With the game facing an imminent release, fans have been getting sneak peaks of the many facets of Thief’s intricate stealth gameplay. A host of interesting mechanics and a striking setting can only take a title so far if they don’t play well, however. To quell such fears, Eidos Montreal have released an uncut video of the game’s first mission.
Taking place after a “heist gone wrong,” the game’s protagonist, Garrett, is tasked with making his way through the rainy streets of The City on his way back to his clocktower hideout. In true Thief fashion though, the way back isn’t quite as simple as it sounds as there is no lack of opportunities for pilfering exquisite treasures and skulking in the shadows.
Where the game’s recently-released 101 trailer managed to impress with its promise of immersive stealth gameplay, Eidos Montreal’s playthrough of Thief‘s first mission only solidifies that claim. Despite being extremely light on plot, what it does do is give gamers a look at some of the tools at Garrett’s disposal and show just how fluid the game’s movement is.
This is arguably the game’s most impressive feat. All of Garrett’s movements have a weight to them that few games are able to achieve. While most titles feel as though they place the player in control of a floating camera with hands, Thief seems to nail the kinetic feeling of a human body in transit as it crouches, climbs and scurries around corners. Not only does it make the experience that much more immersive, but it also allows for a better sense of spatial awareness which is key in a game that focuses so heavily on stealth.
The feeling of fluid movement also extends itself to small but impressive gameplay additions that could help to further immerse the player in Garrett’s light shoes. Whereas most games lock the player into a fixed view of an item as they attempt to unlock it, Thief gives the player the ability to maintain a sense of awareness — an example would be the ability to continue looking around while picking at a lock. However small this addition may be, it will no doubt give the simple act of opening a lockbox an even more frantic feeling.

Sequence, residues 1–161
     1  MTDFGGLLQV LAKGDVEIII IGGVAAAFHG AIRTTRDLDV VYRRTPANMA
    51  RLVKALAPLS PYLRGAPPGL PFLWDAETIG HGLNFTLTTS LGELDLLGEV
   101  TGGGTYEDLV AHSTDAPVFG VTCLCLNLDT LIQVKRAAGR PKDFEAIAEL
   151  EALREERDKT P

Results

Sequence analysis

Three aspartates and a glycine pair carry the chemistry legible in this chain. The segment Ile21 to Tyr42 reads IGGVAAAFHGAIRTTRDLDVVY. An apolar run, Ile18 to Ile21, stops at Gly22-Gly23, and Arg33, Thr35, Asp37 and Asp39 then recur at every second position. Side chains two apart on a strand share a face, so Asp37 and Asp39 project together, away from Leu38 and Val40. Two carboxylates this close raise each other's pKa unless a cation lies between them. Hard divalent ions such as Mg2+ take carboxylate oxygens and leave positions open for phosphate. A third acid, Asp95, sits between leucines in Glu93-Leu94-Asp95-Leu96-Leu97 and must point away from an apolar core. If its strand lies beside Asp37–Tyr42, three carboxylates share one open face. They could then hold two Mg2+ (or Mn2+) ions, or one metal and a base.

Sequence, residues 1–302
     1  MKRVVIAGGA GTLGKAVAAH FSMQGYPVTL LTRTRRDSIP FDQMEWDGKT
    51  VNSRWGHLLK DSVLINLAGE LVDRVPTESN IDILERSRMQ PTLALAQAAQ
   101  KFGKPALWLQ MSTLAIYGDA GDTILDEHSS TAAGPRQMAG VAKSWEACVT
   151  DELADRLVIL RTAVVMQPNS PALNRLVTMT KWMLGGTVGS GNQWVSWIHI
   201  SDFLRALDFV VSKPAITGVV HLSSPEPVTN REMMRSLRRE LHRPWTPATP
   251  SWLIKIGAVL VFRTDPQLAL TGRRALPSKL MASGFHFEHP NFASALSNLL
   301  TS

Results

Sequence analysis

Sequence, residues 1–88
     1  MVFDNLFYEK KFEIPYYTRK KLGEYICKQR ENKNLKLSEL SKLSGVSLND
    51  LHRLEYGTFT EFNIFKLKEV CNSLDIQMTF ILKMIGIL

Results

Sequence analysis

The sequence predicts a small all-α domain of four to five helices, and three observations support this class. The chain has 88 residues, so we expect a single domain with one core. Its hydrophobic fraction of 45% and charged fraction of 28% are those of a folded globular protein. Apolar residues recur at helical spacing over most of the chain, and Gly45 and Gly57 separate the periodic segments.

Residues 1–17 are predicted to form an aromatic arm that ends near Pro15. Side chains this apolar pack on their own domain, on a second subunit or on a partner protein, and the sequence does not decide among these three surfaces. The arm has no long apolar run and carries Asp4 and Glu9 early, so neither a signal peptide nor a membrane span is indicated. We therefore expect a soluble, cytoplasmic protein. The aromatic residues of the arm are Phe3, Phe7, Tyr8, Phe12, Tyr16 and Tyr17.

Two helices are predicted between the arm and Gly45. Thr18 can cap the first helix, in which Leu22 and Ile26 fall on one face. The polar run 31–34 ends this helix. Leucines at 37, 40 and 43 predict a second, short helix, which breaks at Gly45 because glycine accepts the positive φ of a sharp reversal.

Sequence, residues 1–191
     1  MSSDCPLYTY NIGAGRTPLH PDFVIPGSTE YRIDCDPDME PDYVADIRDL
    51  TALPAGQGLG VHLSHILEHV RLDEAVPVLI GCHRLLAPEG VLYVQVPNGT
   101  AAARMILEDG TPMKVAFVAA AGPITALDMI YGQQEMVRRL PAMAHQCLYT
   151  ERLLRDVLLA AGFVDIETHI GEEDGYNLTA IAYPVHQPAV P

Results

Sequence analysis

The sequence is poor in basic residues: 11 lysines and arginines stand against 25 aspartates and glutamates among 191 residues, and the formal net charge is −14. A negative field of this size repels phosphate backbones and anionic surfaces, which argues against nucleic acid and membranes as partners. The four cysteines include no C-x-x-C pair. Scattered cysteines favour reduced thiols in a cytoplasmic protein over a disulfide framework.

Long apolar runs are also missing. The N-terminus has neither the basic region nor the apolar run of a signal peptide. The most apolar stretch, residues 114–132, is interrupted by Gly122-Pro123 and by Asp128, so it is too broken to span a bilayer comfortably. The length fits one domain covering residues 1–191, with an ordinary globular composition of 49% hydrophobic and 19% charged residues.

One slight snare that may contribute to the fears fans have been expressing, is that the A.I. in the playthrough does not seem as sophisticated as some might like to see in a difficult stealth experience. As this is the game’s first mission though, it’s no surprise that the difficulty is not overwhelming. This is simply the baseline for how the game could develop from beginning to end and with its in-depth difficulty customization options, there should be a appropriate challenge levels for every type of player.
With its release just around the corner, it’s looking like there’s good reason behind Thief being one of the most anticipated titles of 2014. Gamers will not have long to wait before they can get their hands on the upcoming title and decide for themselves if it truly is time for a stealth renaissance.
Do you think that Thief will manage to live up to the pedigree of the original titles? What difficulty are you planning on playing it on?
Thief is due to sneak onto PC, PS3, PS4, Xbox 360 and Xbox One on February 25, 2014.
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